Tuesday, May 18, 2010
The biggest problem for me was despite this new direction the story was pasted together from the plots of at least 5 different movies. A man come home from war and pretends to be someone he's not to trick the people who work for him, Sommersby. Boy is sent away, boy become a man, man finds dead nobleman by side of road, man pretends to be the dead nobleman, man finds out his lost history and discovers that he really is noble, A Knight's Tale (Which is significant because this movies was actually written by Brian Helgeland who wrote A Knight't Tale.) Any movie about the D-Day, except this time they land at Dover instead of Normandy, and this time the English are the Germans the French are the Allies, and the "Germans" win. Freemasonry Legends, National Treasure. It acts as a semi-sequel to Kingdom of Heaven.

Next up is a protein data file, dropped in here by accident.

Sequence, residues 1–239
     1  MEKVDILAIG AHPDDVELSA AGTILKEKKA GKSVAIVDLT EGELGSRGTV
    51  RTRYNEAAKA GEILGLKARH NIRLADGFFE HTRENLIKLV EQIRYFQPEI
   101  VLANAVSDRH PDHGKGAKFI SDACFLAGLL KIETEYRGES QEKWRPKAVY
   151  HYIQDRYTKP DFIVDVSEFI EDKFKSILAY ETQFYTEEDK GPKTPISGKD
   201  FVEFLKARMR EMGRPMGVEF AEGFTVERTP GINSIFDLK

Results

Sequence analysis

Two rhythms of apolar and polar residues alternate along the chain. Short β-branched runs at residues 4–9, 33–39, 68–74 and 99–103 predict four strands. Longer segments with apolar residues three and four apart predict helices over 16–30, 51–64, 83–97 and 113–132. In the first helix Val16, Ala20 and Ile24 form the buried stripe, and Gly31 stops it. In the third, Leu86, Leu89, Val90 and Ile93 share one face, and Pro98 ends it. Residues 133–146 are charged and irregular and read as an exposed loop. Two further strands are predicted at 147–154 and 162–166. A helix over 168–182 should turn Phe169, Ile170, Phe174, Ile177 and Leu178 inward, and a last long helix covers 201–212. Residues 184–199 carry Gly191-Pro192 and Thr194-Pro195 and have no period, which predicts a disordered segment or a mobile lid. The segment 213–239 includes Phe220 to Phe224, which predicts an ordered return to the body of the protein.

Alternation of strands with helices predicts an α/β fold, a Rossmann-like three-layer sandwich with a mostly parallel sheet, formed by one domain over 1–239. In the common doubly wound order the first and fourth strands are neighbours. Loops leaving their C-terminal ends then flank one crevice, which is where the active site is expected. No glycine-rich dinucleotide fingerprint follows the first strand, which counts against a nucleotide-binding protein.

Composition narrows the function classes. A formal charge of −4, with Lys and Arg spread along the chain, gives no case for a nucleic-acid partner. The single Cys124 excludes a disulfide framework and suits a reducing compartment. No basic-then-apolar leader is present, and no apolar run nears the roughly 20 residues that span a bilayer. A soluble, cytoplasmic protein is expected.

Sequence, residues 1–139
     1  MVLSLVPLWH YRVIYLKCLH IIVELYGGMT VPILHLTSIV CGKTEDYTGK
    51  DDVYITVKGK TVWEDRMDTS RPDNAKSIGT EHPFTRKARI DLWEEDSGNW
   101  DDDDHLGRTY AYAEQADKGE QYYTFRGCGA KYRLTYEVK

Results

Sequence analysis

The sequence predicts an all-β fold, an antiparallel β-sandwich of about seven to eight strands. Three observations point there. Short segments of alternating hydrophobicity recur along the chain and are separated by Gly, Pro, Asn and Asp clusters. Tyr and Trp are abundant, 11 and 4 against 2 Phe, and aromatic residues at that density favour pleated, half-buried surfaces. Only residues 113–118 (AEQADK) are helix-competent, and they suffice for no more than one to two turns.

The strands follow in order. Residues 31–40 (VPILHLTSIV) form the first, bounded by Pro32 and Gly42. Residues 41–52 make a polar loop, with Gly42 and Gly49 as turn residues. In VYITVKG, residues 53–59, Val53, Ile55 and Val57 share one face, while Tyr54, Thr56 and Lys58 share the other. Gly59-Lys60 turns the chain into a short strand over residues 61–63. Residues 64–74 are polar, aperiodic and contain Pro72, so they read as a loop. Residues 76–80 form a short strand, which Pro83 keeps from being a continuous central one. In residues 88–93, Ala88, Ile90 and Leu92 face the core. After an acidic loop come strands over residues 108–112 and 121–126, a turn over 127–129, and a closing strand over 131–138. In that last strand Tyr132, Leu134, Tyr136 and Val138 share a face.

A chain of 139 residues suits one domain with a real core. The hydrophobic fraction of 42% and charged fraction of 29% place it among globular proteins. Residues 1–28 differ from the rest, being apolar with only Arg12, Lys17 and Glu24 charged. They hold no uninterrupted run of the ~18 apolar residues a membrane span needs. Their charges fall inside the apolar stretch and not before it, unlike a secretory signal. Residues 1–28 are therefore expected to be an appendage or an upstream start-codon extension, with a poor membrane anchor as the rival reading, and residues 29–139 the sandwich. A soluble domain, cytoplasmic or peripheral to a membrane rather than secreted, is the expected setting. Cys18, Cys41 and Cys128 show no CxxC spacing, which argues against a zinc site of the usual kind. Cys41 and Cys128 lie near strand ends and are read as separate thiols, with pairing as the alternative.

The largest change overall was the Robin's motivations. There is a whole subtext where Robin, the son of a Stone Mason, and thus a "Freemason," takes up his father's mantle of a warrior for Liberty. He wants the King to sign a document that would spell out the rules for kings and the rights of subjects, a pre-Magna Carta. We all know in the traditional story Robin Hood's modus operandi, he takes from the Rich and Gives to the Poor. He's a Socialist, in the purest sense. For some reason Scott and co. decided that Socialism faux pas and what Robin Hood really needs to be is a Libertarian. Gone is wealth redistribution. In is individual freedom and responsibility, and the unencumbered right to life, liberty and the pursuit of happiness. I thought this to be odd, not bad necessarily, but odd. I'd like to have been in the writing meeting when they discussed this aspect.
I still recommend seeing it in the Theaters, but don't go out of your way you're not missing anything if wait to rent it.
Posted by Critic at 12:42 AM
Quickie Review of Robin Hood...